Developed for Communist troops fighting in the Vietnam War, Tu Youyou’s treatment was major breakthrough in global fight against malaria
Video: Nobel Prize for Chinese traditional medicine expert who developed malaria cure
A Chinese scientist who pioneered a malaria treatment for Communist troops fighting America in the Vietnam War has won the Nobel Prize for Medicine.
Tu Youyou spearheaded a secret programme set up by Chairman Mao to see if traditional Chinese herbal cures could reduce the number of North Vietnamese troops dying to malaria.
After sifting through thousands of different folk remedies, she finally unearthed a 1,600-year-old recipe using sweet wormwood that formed the basis for one of the most effective treatments ever discovered.
Under Mao’s Cultural Revolution, which saw academics as part of the despised bourgeoisie, her name was kept anonymous for decades, and until recently, even colleagues had never heard of her.
Now, though, at the age of 84, she has finally taken her rightful place in world medical history, with the Nobel judges announcing on Monday that she would be a joint winner of this year’s $960,000 award.
The other two winners are Irish-born William Campbell and Japan’s Satoshi Omura, who developed avermectin, derivatives of which are used to treat river blindness and elephantiasis.
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“The two discoveries have provided humankind with powerful new means to combat these debilitating diseases that affect hundreds of millions of people annually,” the Nobel committee said. “The consequences in terms of improved human health and reduced suffering are immeasurable.”
Ms Tu’s work created the drug artemisinin, which now forms part of the mainstay of malaria treatment in Africa. Used in tandem with insecticide-impregnated bednets, it is credited with helping to halve malaria mortality rates worldwide in the last 15 years.
Yet for decades, its exact origins remained unknown – as did the remarkable story of its creator, which could easily form the script for a Hollywood movie.
It begins in 1969, when Ms Tu – then a mid-career scientist – was recruited to Chairman Mao’s top-secret Project 523. Its task was to investigate cures for malaria, which in the 1960s was developing resistance to existing drugs such as chloroquine.
An illustration describing Ms Tu’s work displayed during the press conference announcing the winners of the Nobel Medicine Prize (AFP)
It was also taking a heavy toll on the armies of China’s communist ally, North Vietnam, who were losing more soldiers to malaria in their jungle warfare against US troops than they were to American bombs or bullets.
At the time, the quest for an effective alternative to chloroquine had baffled the world’s scientific community, which had tested some 240,000 different compounds without success.
It was then that Ms Tu, who had studied both Chinese and Western medicines, began reviewing some 2,000 ancient herbal recipes from the Academy of Traditional Chinese Medicine in Beijing.
One of them, written in a 1,600 year old text called “Emergency Prescriptions Kept Up One’s Sleeve”, recommended soaking sweet wormwood in water and then drinking the resulting juice.
Tried out first on mice and monkeys, it proved highly effective, although it then had to be tested to see if was harmful of humans. As head of the research group, Ms Tu volunteered to be the first test subject herself. Subsequent trials on labourers who had caught malaria while working in dense forests proved that it could banish malarial parasites from the bloodstream within just over a day.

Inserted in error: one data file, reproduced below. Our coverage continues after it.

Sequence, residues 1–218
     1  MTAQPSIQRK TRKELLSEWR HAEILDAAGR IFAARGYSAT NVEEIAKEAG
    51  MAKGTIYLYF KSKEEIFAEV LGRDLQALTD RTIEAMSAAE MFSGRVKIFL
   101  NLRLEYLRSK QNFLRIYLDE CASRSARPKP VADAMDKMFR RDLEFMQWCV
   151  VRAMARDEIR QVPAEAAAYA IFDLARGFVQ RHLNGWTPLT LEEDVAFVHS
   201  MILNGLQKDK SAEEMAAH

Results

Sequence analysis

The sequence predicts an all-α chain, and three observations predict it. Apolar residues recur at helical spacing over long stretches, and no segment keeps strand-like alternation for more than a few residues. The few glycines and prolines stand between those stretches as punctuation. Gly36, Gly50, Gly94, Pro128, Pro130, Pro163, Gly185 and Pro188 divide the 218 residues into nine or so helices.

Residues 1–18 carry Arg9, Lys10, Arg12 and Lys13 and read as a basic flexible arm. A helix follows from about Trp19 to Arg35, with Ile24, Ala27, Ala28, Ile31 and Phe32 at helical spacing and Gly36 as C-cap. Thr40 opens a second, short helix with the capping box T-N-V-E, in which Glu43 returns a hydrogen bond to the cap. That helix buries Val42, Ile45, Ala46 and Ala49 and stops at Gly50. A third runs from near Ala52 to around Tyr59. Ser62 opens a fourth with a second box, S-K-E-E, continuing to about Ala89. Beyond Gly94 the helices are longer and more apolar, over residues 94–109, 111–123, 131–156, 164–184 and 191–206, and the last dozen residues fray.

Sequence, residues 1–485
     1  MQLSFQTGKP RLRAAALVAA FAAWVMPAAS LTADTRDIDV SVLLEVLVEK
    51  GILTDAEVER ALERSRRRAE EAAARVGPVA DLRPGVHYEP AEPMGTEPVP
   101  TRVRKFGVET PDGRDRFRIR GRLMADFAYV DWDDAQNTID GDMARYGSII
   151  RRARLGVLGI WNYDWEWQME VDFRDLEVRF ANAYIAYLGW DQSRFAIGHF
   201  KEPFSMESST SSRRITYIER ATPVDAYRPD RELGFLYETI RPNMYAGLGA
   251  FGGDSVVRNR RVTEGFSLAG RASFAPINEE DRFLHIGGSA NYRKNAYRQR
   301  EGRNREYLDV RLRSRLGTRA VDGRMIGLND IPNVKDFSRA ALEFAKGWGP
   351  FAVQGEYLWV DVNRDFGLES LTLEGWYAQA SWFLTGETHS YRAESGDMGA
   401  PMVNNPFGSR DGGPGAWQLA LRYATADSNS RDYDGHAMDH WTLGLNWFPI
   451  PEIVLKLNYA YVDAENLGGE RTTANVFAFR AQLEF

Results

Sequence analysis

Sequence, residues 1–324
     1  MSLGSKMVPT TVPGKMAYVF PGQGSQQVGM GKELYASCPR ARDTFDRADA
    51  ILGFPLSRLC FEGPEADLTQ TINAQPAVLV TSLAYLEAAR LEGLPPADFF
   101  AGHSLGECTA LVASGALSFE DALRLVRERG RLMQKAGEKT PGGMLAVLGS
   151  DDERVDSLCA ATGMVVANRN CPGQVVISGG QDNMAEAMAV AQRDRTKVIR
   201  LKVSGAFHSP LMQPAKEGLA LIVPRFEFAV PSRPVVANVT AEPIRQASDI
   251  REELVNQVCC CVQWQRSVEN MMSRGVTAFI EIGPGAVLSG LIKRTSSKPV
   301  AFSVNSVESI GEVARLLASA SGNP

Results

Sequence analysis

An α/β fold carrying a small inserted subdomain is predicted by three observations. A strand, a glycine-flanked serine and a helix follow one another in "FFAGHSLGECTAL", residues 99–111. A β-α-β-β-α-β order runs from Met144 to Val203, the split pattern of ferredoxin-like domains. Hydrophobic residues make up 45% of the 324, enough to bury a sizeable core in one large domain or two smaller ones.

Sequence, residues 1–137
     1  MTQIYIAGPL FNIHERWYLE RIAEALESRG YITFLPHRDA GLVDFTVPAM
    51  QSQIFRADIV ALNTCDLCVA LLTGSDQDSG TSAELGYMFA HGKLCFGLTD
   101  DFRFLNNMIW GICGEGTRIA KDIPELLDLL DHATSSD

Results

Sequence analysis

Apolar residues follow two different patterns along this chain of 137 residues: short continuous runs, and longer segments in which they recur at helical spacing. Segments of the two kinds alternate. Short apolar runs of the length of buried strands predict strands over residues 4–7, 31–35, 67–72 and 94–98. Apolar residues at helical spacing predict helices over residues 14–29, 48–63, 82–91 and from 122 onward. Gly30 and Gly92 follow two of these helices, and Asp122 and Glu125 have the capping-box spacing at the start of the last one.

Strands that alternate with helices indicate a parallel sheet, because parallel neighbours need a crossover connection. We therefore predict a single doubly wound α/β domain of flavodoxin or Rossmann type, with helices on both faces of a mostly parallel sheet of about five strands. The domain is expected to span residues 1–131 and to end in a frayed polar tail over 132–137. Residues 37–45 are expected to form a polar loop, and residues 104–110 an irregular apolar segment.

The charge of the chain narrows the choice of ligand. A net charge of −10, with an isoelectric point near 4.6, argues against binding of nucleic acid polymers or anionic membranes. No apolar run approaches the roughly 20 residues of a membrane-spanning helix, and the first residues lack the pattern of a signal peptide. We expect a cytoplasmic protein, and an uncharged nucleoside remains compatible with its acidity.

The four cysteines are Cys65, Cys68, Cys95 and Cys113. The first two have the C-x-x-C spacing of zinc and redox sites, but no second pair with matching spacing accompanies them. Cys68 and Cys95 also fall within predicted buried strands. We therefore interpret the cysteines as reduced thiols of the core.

While such a discovery might have won Ms Tu considerable fame in the West, in Maoist-era China, she gained no kudos at all. At the time, scientist and intellectuals were viewed with suspicion at best, with Ms Tu’s husband having been banished to the countryside, and the idea of an individual scientist claiming credit for a breakthrough sat uneasily with Maoist notions of collective endeavour. Tu was not even allowed to publish her findings until 1977, a year after Mao’s death, and even then, her contribution remained anonymous.
News of her work only emerged in the West when Louis Miller, an American research scientist, met Chinese scientists in 2005 and chanced to ask who had discovered artemisinin. Intrigued at the blank stares that his question produced, he began investigatingin detail.
An illustration describing the research on roundworm infections by Nobel Medicine Prize winners (AFP)
Various official paperwork – much of it once secret – revealed it to be Ms Tu, who by then was living in a shabby apartment block in Beijing. At the time, she was known by colleagues as “The Professor of the Three Nos”, since she had no post-graduate degree, was not a member of any national academy, and had no foreign research experience.
While Ms Tu received America’s top medical accolade, the Lasker award, in 2011, this is the first time that any expert in Chinese traditional medicine has been awarded a Nobel.
“This is indeed a glorious moment,” said Li Chenjian, a vice provost at Peking University. “This also is an acknowledgement to the traditional Chinese medicine, for the work began with herbal medicine.”
Artemisinin-based drugs are now routinely used by pharmaceuticals giants like Sanofi and Novartis in the fight against malaria, which still kills half a million people a year.
It is not yet clear whether the ageing Ms Tu will attend the Nobel annual award ceremony, which takes place on December 10. Each winner will also get a diploma and a gold medal.